DRAMMEN, Norway — Barring the spectators cheering from their apartment balconies, the most marked aspect of Wednesday’s 1.2-kilometer classic sprint course was the finish line. It crosscut the top of a 15-meter climb.
Throughout the day, no skier closed out Drammen’s uphill finish better than Norway’s Maiken Caspersen Falla. After winning the day’s qualifier in a time of 3:19.44 minutes, Falla won her quarterfinal in photo-finish fashion and outlunged Sweden’s Stina Nilsson to place first their semifinal.
In the final, Falla once again proved her form in the uphill. She strode past Russia’s Natalia Nepryaeva and Nilsson to take the win in a time of 3:10.18. The closest any competitor came to the Norwegian was Nilsson, 1.39 seconds back.
The first-place success in Drammen is Falla’s standard. From 2014 to 2016, she won three World Cup sprint races held in the city, all of them classic. (Falla missed qualifying by one place in 31st in last year’s Drammen classic sprint.)
“It’s my fourth win here and I am so happy with the way I am feeling,” Falla said, according to an International Ski Federation (FIS) press release. “I think my battery is finally fully charged. I was a bit tired after the Olympics and I haven’t trained very much. But I can feel that my body is back and it’s great to get another win here and almost secure my third Crystal Globe.”
Falla now leads the Sprint World Cup with 543 points, while Nilsson trails in second by 48 points. Only one sprint race remains this season, a freestyle competition that is featured in next weekend’s World Cup Finals in Falun, Sweden. With her second-place finish on Wednesday, Nilsson could still snag the Sprint Crystal Globe from Falla, as 50 points remain for a win in that race.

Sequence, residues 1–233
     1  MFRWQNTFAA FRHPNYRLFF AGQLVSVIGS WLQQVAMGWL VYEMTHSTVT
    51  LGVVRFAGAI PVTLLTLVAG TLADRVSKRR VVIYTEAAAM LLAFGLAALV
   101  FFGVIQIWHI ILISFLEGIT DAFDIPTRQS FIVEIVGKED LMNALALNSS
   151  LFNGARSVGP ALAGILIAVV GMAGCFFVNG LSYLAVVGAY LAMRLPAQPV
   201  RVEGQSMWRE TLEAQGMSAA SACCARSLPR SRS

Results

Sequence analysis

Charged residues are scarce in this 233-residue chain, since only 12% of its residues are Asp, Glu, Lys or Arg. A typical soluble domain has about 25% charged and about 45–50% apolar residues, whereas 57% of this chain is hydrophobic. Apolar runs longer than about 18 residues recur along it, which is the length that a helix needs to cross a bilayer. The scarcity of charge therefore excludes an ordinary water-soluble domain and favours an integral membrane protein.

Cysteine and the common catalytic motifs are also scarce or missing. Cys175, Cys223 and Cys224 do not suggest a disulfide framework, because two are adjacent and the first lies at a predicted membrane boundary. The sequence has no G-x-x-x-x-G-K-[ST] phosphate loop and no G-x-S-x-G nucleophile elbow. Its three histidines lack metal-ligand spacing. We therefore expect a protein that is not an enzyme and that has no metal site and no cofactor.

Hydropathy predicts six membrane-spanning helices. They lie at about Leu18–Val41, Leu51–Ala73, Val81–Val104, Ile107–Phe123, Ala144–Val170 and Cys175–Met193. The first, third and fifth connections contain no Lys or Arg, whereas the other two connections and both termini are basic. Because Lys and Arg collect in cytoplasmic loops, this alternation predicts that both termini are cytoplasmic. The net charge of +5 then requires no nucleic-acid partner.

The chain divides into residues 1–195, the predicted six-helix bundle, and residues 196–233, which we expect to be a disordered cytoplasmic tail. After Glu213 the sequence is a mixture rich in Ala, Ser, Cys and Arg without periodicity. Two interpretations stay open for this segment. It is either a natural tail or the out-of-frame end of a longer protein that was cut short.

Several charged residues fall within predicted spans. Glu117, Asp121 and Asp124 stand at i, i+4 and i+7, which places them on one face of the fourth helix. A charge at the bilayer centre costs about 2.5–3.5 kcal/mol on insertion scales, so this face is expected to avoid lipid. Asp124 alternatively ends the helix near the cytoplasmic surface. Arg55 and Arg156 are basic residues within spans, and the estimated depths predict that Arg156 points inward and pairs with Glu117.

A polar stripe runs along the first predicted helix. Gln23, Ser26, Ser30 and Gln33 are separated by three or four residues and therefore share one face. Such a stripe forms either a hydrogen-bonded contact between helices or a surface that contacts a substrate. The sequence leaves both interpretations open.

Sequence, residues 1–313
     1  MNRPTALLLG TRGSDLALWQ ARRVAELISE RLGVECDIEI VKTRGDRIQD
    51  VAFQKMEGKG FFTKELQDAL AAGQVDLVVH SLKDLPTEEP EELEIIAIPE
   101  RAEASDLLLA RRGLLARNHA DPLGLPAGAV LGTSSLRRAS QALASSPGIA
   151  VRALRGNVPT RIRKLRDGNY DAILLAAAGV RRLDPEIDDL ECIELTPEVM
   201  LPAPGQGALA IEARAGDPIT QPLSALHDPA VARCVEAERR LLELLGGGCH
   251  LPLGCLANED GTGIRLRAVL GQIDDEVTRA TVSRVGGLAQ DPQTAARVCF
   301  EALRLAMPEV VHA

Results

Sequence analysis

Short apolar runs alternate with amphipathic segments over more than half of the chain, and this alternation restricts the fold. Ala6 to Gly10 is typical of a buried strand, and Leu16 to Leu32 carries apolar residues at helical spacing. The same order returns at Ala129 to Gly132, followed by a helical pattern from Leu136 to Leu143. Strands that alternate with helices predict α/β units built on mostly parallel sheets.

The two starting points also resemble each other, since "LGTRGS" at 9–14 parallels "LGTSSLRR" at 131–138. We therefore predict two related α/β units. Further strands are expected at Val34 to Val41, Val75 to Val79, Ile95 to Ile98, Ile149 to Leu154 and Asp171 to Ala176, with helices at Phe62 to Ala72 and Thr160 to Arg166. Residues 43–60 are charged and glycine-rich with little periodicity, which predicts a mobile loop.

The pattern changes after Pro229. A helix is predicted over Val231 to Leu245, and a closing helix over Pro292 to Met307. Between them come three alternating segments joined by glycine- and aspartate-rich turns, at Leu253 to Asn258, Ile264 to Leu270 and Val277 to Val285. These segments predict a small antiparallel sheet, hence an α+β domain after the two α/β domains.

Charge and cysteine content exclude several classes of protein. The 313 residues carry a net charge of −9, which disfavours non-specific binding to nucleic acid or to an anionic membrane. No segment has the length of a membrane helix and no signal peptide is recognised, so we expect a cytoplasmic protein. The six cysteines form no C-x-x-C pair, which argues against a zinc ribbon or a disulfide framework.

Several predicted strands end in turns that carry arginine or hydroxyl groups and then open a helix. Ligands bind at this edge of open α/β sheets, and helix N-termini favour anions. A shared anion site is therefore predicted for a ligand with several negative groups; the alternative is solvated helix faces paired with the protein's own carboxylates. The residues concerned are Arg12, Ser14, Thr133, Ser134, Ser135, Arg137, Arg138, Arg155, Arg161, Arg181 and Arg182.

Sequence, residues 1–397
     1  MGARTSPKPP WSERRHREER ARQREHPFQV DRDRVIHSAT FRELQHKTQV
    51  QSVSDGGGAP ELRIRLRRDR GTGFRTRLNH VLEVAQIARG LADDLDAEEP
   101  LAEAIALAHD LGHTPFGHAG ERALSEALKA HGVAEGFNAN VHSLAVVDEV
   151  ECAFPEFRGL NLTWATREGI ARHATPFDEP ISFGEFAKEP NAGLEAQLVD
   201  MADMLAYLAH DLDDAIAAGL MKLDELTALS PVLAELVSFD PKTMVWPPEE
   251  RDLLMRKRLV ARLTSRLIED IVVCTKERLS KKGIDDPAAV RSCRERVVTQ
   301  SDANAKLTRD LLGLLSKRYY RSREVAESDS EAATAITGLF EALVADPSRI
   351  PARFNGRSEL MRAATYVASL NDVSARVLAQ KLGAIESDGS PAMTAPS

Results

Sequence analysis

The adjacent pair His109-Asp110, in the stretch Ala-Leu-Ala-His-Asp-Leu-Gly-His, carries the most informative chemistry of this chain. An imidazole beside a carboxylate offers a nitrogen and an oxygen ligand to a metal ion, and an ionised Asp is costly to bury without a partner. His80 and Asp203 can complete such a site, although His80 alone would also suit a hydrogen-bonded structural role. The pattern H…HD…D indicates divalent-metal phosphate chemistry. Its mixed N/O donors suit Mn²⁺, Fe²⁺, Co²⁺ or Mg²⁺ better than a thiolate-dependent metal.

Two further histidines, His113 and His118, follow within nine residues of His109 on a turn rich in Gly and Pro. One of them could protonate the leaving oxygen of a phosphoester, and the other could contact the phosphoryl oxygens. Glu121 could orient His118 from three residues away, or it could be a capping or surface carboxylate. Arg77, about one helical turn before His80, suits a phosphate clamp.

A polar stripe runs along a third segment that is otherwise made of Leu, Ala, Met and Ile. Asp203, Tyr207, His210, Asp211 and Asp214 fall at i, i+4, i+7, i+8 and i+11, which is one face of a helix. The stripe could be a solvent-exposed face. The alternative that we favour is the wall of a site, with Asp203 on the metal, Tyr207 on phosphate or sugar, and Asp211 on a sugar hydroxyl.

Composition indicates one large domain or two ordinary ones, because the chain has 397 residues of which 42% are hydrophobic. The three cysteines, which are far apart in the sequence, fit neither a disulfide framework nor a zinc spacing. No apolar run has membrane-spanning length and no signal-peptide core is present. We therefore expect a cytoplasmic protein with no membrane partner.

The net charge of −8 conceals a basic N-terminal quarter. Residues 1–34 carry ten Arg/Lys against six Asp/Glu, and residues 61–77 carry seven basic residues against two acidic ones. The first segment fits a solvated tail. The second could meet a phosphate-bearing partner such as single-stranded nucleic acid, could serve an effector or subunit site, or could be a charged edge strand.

“I didn’t qualify so well so I was a bit worried about how today would go,” said Nilsson, who qualified in 17th, according to a FIS press release. “Maiken was just too strong for me today but I am happy that I felt better and better as the rounds happened today … and in the end I can say that I am satisfied.”
In a dramatic closeout, U.S. skier Jessie Diggins came from behind to claim third (+1.88), despite appearing out of podium contention with 150-meters to go. The American’s advancement to the final itself was up in the air until the jury ruled a technical violation for Switzerland’s Nadine Fähndrich.
After racing in semifinal 1, Diggins finished in third behind Falla and Nilsson. Semifinal 2 was the faster of the two semis, and produced the day’s two Lucky Losers before Fähndrich’s yelllow card. The Swiss skier lost her automatic qualification spot, giving Diggins a shot as the final lucky loser in the final.
At the start of the women’s final, the American was positioned in sixth, trailing Slovenia’s Katja Visnar in fifth, Finland’s Krista Pärmäkoski in fourth, Nilsson in third, Nepryaeva in second, and Falla in first. While she had burned off the front in the start of her quarterfinal, Diggins played a safer start in the final.
“Last year [in Drammen] I got swallowed up in the draft and then broke my pole,” Diggins told FasterSkier during an in-person interview after. “So this year I was trying to be really smart, be aware of where other bodies were and keep myself out of any tangles; just ski a smart, clean race.”
“In the final I started out in the back thinking ‘OK, just ski relaxed, stay in contact,’ ” she continued. “Then I was really able to go for it and put the hammer on in the last 50 meters.”
Taking the opposite tactic of Diggins, Falla forced a fast pace in the front. By the top of the first climb the Norwegian had a one-meter gap over Nilsson and Nepryaeva, who were positioned in second and third, respectively. Another half meter behind the Russian and Swede were Diggins and Pärmäkoski.